I have more of a problem with surname-napping. Probably because I am from the South where giving your maiden or other meaningful name is a custom, it drives me NUTS when people choose random surnames that they have no connection to. So when someone complains about Addison, Avery or the like going to the girls, I find it rather ironic. Most of these gender-bending names are actually surnames anyway (and yes, I know that line is blurry and my stance is somewhat flawed), and so haven’t been included in the canon of “Boys Names” for long anyway. And the argument that “there aren’t any boys names left” doesn’t really wash either, since there have always been far fewer boys names than girls. George, Charles, Thomas, Henry-these names have no risk of being taken over by the girls. It’s only when parents want to choose unusual, original names-and thus generally resort to the surname style-that they run into parents considering them for girls.

    • appellationmountain says

      That’s fair enough, Caroline – I know someone who has a Very Significant Surname on her short list for a girl. It is also a name that reads gender-neutral, trendy, and is frequently subject to respellings. Her attitude is that it doesn’t spoil the meaning for her, and that’s great, but I can imagine a parent feeling like the name was ruined by its overuse.

      I think all of us could name a Duggar-sized family of boys without feeling like we’d run out of options!

  14. Sara A. says

    I tend to like gender crossovers in the middle slot as in, say Amelia George A. The names that really bug me are the 97 rhymes-with-Aiden names that are everywhere right now. Part of the problem is that I’m playing the Sib Set game over at YCII and so I’ve seen every permutation of the name as it goes from 1-799. Bah, what everyone else said.

  15. says

    Give it a few years and names like Riley, Avery, Peyton, Dakota, Reese, Emery, Finley, and Skylar will be fully feminine. That’s just how is works, it happened with other names, it will happen with those. Its different with Ryan, Cameron, Logan and Parker for example, because those names were always a lot more popular for boys than girls, so people’s perception on those names are that they’re firmly masculine.
    I do not like boy names on girls, I just think what’s the point really? We dont see parents rushing to the “baby girl names” section of the book to name their son. And whether we like it or not, its VERY unlikely you’ll meet a male Whitney, Vivian, Hilary, Cassidy, Kelsey, Lindsay, Courtney, Jody, Lauren, Kimberley, Beverley, Leslie, Paige, Shelby, etc, especially under the age of 5.
    You already see this happening with modern unisex names that parents already perceive as mostly feminine, like Addison, Madison, Aubrey, Bailey, Mackenzie, Haley, Ashley, Kenzie, etc, parents have ditched these for their sons because they’re “girly”.
    Yes new unisex names arrive, almost always boy names in origin, and 95% are tipped feminine once they’ve run it’s course.
    The same happens in the UK, but at least over there things are a little bit more balanced with names like Mackenzie, Bailey, Riley, Morgan, Sydney, Taylor, Finlay, Jamie, Ashley and Aubrey still seen as masculine.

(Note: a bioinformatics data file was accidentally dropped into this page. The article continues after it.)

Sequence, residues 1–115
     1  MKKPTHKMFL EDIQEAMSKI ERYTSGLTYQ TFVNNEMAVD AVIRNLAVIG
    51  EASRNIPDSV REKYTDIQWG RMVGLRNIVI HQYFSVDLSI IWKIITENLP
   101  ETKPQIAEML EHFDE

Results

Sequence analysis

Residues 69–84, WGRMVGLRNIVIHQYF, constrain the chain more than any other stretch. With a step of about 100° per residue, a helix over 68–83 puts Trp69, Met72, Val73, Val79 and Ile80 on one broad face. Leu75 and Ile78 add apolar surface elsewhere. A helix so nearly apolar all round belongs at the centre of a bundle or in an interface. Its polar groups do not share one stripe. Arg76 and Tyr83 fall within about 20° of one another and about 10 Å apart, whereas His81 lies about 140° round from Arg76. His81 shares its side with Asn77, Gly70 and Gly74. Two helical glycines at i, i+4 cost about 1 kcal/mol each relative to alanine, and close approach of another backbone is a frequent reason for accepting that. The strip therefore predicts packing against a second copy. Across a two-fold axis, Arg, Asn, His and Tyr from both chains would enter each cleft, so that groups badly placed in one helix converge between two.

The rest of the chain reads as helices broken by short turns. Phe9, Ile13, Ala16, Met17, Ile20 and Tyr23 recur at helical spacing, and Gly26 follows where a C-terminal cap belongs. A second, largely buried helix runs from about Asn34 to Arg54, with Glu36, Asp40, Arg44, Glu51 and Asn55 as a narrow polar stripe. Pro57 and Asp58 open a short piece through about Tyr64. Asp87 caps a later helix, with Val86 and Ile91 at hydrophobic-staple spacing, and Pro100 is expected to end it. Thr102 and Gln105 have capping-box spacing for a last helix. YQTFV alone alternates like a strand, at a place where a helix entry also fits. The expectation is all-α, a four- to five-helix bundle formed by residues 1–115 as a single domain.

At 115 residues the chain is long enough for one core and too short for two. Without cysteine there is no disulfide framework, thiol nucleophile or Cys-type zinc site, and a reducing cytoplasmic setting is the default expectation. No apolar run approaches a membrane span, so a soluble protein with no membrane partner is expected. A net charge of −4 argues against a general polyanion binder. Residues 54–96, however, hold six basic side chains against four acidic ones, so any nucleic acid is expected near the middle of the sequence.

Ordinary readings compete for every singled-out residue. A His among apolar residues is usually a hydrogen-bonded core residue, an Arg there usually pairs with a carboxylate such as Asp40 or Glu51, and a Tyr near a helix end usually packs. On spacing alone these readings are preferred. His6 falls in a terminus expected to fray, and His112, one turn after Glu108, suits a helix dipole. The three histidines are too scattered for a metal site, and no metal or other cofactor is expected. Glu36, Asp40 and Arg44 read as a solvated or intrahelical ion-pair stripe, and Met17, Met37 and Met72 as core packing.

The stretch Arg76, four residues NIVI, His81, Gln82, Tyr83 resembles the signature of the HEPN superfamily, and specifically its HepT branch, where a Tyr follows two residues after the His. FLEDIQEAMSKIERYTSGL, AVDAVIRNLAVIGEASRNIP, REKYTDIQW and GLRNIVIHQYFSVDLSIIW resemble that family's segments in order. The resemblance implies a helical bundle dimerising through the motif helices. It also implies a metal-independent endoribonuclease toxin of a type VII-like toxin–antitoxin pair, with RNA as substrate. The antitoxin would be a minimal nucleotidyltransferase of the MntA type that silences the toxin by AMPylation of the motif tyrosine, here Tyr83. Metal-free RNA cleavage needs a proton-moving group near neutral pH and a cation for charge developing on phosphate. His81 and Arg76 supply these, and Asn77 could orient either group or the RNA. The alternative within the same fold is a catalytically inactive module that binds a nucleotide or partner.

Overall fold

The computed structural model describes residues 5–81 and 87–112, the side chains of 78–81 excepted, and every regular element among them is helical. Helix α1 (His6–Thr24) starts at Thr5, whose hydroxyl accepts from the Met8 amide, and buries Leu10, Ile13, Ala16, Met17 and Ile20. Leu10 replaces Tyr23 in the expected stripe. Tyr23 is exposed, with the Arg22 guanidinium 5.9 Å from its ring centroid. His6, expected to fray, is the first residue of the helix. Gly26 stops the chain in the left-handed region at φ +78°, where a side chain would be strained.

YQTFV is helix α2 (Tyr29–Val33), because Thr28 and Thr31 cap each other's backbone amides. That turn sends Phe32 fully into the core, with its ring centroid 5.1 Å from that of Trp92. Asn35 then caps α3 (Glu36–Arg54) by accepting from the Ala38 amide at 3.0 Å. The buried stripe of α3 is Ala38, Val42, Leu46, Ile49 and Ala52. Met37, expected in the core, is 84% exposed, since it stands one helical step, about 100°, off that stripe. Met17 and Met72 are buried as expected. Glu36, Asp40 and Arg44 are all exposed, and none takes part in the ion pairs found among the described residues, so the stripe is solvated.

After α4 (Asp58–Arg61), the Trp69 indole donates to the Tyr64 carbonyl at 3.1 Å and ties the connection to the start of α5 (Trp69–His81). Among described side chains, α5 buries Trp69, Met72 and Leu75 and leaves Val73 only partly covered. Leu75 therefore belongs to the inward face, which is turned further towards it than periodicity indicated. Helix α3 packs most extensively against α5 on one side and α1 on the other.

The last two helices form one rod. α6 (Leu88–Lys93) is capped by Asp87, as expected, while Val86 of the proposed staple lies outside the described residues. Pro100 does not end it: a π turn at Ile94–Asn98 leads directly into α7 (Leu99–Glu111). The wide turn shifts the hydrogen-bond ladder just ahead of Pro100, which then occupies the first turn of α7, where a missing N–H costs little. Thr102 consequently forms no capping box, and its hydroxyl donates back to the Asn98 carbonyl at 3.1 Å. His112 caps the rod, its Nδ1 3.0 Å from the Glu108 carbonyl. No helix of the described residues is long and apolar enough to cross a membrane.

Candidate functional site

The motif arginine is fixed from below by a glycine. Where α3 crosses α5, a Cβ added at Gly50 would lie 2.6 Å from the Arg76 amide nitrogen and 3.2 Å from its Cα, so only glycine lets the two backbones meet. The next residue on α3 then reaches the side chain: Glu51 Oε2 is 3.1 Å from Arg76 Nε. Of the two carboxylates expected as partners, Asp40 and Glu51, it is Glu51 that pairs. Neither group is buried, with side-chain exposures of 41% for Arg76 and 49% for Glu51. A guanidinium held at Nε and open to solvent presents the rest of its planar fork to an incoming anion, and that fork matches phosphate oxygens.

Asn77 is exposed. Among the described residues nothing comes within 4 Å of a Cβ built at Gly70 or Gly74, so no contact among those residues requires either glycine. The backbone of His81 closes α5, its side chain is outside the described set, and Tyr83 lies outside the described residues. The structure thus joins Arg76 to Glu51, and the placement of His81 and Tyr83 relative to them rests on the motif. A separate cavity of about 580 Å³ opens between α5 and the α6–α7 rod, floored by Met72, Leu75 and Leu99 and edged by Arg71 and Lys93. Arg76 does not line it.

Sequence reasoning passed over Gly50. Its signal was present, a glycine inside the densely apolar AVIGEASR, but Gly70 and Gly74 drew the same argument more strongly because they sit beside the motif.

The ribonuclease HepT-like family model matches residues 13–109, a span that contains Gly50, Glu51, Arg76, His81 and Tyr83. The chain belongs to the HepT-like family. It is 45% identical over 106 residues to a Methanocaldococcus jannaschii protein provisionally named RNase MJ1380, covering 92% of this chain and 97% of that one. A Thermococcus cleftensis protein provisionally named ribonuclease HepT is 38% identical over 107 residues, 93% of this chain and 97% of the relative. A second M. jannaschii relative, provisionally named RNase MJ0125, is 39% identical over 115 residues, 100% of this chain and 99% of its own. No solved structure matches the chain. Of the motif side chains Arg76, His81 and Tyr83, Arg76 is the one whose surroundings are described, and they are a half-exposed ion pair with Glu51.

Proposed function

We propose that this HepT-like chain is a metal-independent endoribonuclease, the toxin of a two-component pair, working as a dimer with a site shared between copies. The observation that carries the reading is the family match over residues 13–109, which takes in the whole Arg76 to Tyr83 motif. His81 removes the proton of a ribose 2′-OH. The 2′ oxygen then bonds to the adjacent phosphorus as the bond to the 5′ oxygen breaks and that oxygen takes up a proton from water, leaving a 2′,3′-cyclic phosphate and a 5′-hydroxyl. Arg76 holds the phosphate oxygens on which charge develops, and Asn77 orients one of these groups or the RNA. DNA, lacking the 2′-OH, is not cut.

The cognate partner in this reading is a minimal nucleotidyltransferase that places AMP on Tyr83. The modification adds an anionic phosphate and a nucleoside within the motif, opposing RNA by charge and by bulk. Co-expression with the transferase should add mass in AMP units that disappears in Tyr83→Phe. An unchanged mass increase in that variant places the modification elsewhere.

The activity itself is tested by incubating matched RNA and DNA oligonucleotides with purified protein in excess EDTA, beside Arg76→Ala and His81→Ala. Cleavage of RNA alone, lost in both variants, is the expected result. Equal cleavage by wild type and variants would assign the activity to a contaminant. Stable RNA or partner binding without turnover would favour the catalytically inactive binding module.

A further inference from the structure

• appellationmountain says

      It is frustrating that the perception is that names can only go one way … but Peyton has held steady and Jayden has skyrocketed for boys without girls’ use derailing it. Some spellings tend to signal gender – Payton is more popular for girls, as is Jaidyn. I do think this new bunch of names has some staying power on both sides of the chart.

  16. says

    I should also add, just to be clear, that I wasn’t trying to imply that only people in Wales would or should take issue with Emrys on a girl. Anyone who had first been introduced to the name as “masculine” first could find it uncomfortable to see it on a boy and might speak out about it on the internet. Equally, there are plenty of people in the country of origin who wouldn’t even raise an eyebrow about it.

  17. says

    Surname-firstnames have been used for both boys and girls for centuries, often on both genders within the same family. So Mason, Tate, Logan, Reeve, Cloudsly, Healy and the like have all happily sat on girls and boys in the 16th, 17th and 18th centuries.

    I agree with Waltzing that there can be issues with cultural cross-over. As pointed out in Point 7, “very often a name was scarcely used for either gender when it is first discovered by the parents of girls”, and this is where people get tetchy in such an international forum as the internet. Because, “new” discoveries for parents in one country, are old established classics in others.

    Lets say a couple in Ottawa see the name Emrys on a list and think it sounds really great for a girl and use it. They have no previous exposure to the name other than it sounds a bit like Emma and a bit like Alice. No one else they have ever met, or even in their state has used it or heard of it either and they get very positive feedback out it. In their own social context the name is perfectly acceptable and not at all shocking. However, once put on the internet (“my daughter is called Emrys”) the parents will be coming into contact with people on the other side of the pond for whom Emrys isn’t an unused new discovery but a crusty old reliable. They see Emrys and picture the old man next door, that cute male actor from that TV program, or their great great grandfather’s name and “Why didn’t you just call you daughter Albert?” comes back the response. Celtic names in particular (both Riley and Evan were used as an example), having been quite isolated for a long time to the British Isles, get used in this way quite a lot.